Acknowledgements: AOPA Air Safety Foundation     

Do you know what to do if the engine burps and coughs during the runup, or runs rough during cruise? In-depth systems knowledge can give you the tools needed to assess the engine’s actual condition. Aircraft engines are extremely reliable when properly cared for, and can deliver years of safe flight. That being said, not all pilots know as much as they should about the proper care and maintenance of engines, or that mechanical failure accounts for 15 to 20 percent of all accidents. Knowing how to manage a powerplant helps you fly more safely and can minimise the cost of flying. 

First and foremost – try to fly your engine at least an hour a week. Far more engines rust out than wear out. They rust because the oil drains off the cylinder walls and the moisture in the air then reacts with the iron in the engine. The rust creates roughness, which increases wear. Piston aircraft engines are made mostly of steel and aluminium, which expand and contract at different rates, depending on temperature. When flying at varying altitudes and from one climatic zone to another, temperature changes can be extreme. By keeping large engine temperature changes over a short period of time to a minimum, and within prescribed limits, the safety, reliability and longevity of the engine are significantly enhanced. 

 Avoiding rapid descents at idle power near your destination airport will help avoid “shock cooling,” which is the too-rapid cooling of hot engine metals. Shock cooling causes stress that can lead to cylinder head cracks. Good descent planning takes a little work, but your engine and passengers will thank you. This may take some negotiation with ATC, if IFR, or you may have to increase drag such as lowering the landing gear or flaps to keep airspeed and resultant engine cooling in check. 

 Fuel Leaning: Pilots should lean appropriately anytime they are below 75% power, regardless of altitude. For most airplanes, correct mixture settings are detailed in the POH. As you gain experience with leaning, you’ll find that it saves gallons of fuel and helps the engine run better. Follow the POH mixture settings carefully; this is not the time to experiment on your expensive engine!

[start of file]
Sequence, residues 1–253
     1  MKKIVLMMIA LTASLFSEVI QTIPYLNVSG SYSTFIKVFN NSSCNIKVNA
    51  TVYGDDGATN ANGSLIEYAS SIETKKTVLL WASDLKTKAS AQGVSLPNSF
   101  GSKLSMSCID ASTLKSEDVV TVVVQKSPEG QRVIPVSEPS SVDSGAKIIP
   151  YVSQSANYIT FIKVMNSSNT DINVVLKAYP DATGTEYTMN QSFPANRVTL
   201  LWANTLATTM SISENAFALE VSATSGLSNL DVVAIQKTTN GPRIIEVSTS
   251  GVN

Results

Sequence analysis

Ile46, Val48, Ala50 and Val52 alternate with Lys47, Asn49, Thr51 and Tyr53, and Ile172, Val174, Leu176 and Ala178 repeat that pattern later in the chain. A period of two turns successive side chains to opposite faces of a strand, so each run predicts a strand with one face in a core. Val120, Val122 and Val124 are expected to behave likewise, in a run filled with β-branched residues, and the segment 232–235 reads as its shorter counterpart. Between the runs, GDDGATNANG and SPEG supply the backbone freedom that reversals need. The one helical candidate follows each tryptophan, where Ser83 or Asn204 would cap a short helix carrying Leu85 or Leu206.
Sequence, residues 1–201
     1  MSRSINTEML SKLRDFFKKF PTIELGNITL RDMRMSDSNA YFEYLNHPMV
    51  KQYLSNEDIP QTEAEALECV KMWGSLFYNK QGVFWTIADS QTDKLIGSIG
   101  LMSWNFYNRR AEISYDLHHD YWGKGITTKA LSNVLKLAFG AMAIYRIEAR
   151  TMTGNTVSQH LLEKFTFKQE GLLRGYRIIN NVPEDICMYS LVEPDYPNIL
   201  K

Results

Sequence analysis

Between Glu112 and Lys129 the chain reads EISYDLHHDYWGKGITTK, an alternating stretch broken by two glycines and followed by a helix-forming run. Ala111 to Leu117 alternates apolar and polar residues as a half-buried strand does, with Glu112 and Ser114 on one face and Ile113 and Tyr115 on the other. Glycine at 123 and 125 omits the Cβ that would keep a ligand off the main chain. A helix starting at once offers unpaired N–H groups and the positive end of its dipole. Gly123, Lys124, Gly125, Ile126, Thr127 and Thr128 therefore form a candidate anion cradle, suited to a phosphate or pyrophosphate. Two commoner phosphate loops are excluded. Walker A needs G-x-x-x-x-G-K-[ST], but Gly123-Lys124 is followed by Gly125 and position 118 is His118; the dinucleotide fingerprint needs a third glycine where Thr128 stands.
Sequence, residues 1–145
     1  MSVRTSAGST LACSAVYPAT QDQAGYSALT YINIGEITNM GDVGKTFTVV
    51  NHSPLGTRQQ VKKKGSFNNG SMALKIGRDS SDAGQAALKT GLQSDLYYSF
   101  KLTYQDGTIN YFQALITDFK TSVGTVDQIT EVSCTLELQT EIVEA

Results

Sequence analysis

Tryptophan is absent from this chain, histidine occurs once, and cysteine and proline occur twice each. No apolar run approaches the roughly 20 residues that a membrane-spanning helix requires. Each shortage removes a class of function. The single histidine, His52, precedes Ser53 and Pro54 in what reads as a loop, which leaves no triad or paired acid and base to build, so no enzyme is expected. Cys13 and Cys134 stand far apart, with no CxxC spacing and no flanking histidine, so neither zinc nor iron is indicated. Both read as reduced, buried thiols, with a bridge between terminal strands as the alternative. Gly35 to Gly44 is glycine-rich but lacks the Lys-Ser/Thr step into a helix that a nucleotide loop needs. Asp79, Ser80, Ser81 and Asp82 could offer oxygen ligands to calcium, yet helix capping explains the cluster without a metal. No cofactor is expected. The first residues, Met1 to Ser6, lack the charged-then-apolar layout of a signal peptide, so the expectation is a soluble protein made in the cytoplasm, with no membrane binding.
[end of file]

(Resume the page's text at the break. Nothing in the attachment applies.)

Common Engine Problems (and solutions): 

  • What do I do if the engine runs rough during runup? Engine roughness while checking the magnetos during runup could indicate a fouled spark plug or other ignition system problem. Accelerate the engine to runup rpm and lean the mixture until the engine runs rough. Let the engine run for about 30 seconds. Enrich the mixture then check the mags again. If this doesn’t clear the roughness, have the ignition system checkedby a mechanic before flying. 
  • What if the mag drop is more than 200 rpm? A larger than normal mag drop is not as critical as a rough mag. A smooth drop up to 200 rpm is fine. A drop greater than 200 rpmcould indicate a mag-timing problem that should be checked. A mis-timed magneto can rob some power from the engine and also cause engine damage. 
  • Can I fly if the carb heat drop is 300 rpm or more during runup? No. A large carb heat drop during runup, more than the typical 50 to 100 rpm, is caused by an exhaust leak inside the shroud where hot air is diverted to the carburettor. All exhaust leaks are dangerous and must be fixed, because firewall air leaks can allow exhaust fumes and possibly carbon monoxide from the engine compartment into the cockpit. A leak can also direct hot exhaust onto vulnerable components such as fuel lines and possibly cause a fire in the engine compartment. 
  • Is it possible for the carburettor to ice up during ground operations? Yes. Under certain conditions carb icing can occur while taxying. If you don’t leave the carb heat on for at least 10 seconds during the runup check, the ice might not melt and could cause lower power output during take-off and possibly engine failure. If the carburettor is iced up during runup, carb heat application will result in an initial small rpm drop, then a rise higher than the runup rpm.